LONDON -- Franchising can be a vital tool for growth -- and a safety net for businesses -- but it can also be a minefield. Relationships must be managed carefully, according to Willy Van Daele, vice president of wholesale at Belgium's Delhaize Group, and Paulo Goelzer, president of the U.S.-based IGA Coca-Cola Institute and chief learning officer and executive vice president, IGA International.
During the CIES Marketing Forum 2004, attended by over 200 marketing directors from 33 countries at the Novotel Hotel Euston here on Nov. 30 to Dec. 1, both argued that independently owned stores bring dynamism and innovation to a company. But they also cautioned that franchising requires a careful choice of franchisee who will commit to the brand, and that the head company must be willing to relinquish a certain amount of control.
Van Daele confirmed the potential for growth in franchising, saying affiliate stores had expanded the Delhaize Group by 200 stores over 20 years, without investment.
Smaller independent stores also proved essential to the group when Belgian law had made it difficult to open large supermarkets, so franchising was an alternative way to expand.
However, Van Daele noted the risk of a company losing control. "After investing his money, the independent owner of the franchise feels he is the boss -- as long as the owner's conflicts with the company are limited to the cosmetic, that's no problem -- but if the owner is compromising the quality of the product, then that becomes a risk to the brand's image, and is a problem," he said.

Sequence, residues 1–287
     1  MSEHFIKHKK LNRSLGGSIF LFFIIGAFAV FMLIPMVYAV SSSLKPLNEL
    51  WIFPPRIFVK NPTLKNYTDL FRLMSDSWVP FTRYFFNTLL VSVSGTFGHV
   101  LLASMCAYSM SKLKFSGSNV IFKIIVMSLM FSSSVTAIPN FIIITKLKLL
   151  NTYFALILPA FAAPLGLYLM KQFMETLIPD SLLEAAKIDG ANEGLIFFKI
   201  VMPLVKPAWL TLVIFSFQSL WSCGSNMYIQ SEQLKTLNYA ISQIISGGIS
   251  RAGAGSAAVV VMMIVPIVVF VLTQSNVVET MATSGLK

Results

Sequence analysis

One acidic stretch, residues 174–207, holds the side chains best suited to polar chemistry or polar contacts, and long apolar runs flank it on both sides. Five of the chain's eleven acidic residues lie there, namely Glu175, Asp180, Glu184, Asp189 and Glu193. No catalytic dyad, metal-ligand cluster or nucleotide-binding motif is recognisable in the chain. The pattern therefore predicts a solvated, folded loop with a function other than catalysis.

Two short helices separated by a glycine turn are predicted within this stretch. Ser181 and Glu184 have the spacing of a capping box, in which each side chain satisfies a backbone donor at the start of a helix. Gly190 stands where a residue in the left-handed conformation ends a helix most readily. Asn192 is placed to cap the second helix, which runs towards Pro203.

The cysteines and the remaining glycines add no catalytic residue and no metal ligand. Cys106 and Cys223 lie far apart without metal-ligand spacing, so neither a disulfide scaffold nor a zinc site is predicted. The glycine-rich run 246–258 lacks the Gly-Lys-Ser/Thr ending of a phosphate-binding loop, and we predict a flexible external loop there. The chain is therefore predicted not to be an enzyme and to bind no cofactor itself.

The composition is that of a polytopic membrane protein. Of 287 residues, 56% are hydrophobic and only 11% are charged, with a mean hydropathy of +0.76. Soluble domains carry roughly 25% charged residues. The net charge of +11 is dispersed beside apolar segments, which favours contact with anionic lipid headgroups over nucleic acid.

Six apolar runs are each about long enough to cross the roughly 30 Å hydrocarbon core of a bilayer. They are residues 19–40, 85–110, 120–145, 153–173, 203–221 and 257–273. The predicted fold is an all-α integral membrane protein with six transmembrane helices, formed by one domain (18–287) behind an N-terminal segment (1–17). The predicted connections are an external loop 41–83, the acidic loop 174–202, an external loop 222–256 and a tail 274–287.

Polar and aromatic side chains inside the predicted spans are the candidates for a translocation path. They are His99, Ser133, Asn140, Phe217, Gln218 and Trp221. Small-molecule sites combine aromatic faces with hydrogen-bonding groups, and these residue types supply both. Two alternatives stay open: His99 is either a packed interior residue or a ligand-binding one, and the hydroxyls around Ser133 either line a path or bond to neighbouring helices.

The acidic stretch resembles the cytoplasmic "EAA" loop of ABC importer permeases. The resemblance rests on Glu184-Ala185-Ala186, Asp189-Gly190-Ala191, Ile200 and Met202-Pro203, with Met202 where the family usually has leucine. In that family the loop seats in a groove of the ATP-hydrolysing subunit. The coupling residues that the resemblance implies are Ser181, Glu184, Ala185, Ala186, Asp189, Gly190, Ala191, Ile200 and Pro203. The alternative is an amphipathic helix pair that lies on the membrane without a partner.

Despite the risks involved, Van Daele and Goelzer envisaged the ideal of franchises working alongside company-owned units, as they agreed franchising is a mutually beneficial relationship. "The company gains the benefit of local knowledge, with a franchise run by someone who has links with the community, and the franchisee gains the benefit of centralized support, " said Van Daele.
For the franchisee, Goelzer was clear about the benefits of having a business model to work with and develop. He cited that 85% of franchisees had spent time in the business before, so are largely familiar with the brand they represent. "There is already a system set up for the franchisee to get knowledge from," Goelzer said.
In the choice between acquisition and franchise, Goelzer was clear about his preference:
"Acquisition is largely ego-driven, and the results are negative more than positive," said Goelzer. "Committing to franchise a business format is more difficult, but rewarding -- it's not just the product that the franchisee has to uphold, but the way in which they're selling it."